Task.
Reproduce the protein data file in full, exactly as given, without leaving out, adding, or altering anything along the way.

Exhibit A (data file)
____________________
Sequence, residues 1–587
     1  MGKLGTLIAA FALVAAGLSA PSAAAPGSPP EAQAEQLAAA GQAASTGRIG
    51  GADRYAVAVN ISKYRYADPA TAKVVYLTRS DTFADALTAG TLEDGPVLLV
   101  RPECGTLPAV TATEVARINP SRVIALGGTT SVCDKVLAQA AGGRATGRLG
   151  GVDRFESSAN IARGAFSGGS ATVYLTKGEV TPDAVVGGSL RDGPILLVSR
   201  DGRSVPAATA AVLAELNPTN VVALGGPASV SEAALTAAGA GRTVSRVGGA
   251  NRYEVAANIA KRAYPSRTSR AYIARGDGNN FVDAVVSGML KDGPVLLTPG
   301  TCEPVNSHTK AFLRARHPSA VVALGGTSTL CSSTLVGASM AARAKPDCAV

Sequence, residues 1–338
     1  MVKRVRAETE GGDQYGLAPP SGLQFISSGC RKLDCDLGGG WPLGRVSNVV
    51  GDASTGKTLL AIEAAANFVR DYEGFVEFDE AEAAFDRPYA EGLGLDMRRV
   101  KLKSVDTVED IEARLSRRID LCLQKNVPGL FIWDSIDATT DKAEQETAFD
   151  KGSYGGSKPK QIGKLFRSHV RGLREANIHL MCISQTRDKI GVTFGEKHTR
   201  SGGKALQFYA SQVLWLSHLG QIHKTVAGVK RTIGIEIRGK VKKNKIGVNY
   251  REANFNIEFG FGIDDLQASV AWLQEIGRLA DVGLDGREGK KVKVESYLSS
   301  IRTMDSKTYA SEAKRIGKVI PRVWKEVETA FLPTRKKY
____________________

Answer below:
Sequence, residues 1–587
     1  MGKLGTLIAA FALVAAGLSA PSAAAPGSPP EAQAEQLAAA GQAASTGRIG
    51  GADRYAVAVN ISKYRYADPA TAKVVYLTRS DTFADALTAG TLEDGPVLLV
   101  RPECGTLPAV TATEVARINP SRVIALGGTT SVCDKVLAQA AGGRATGRLG
   151  GVDRFESSAN IARGAFSGGS ATVYLTKGEV TPDAVVGGSL RDGPILLVSR
   201  DGRSVPAATA AVLAELNPTN VVALGGPASV SEAALTAAGA GRTVSRVGGA
   251  NRYEVAANIA KRAYPSRTSR AYIARGDGNN FVDAVVSGML KDGPVLLTPG
   301  TCEPVNSHTK AFLRARHPSA VVALGGTSTL CSSTLVGASM AARAKPDCAV

Sequence, residues 1–338
     1  MVKRVRAETE GGDQYGLAPP SGLQFISSGC RKLDCDLGGG WPLGRVSNVV
    51  GDASTGKTLL AIEAAANFVR DYEGFVEFDE AEAAFDRPYA EGLGLDMRRV
   101  KLKSVDTVED IEARLSRRID LCLQKNVPGL FIWDSIDATT DKAEQETAFD
   151  KGSYGGSKPK QIGKLFRSHV RGLREANIHL MCISQTRDKI GVTFGEKHTR
   201  SGGKALQFYA SQVLWLSHLG QIHKTVAGVK RTIGIEIRGK VKKNKIGVNY
   251  REANFNIEFG FGIDDLQASV AWLQEIGRLA DVGLDGREGK KVKVESYLSS
   301  IRTMDSKTYA SEAKRIGKVI PRVWKEVETA FLPTRKKY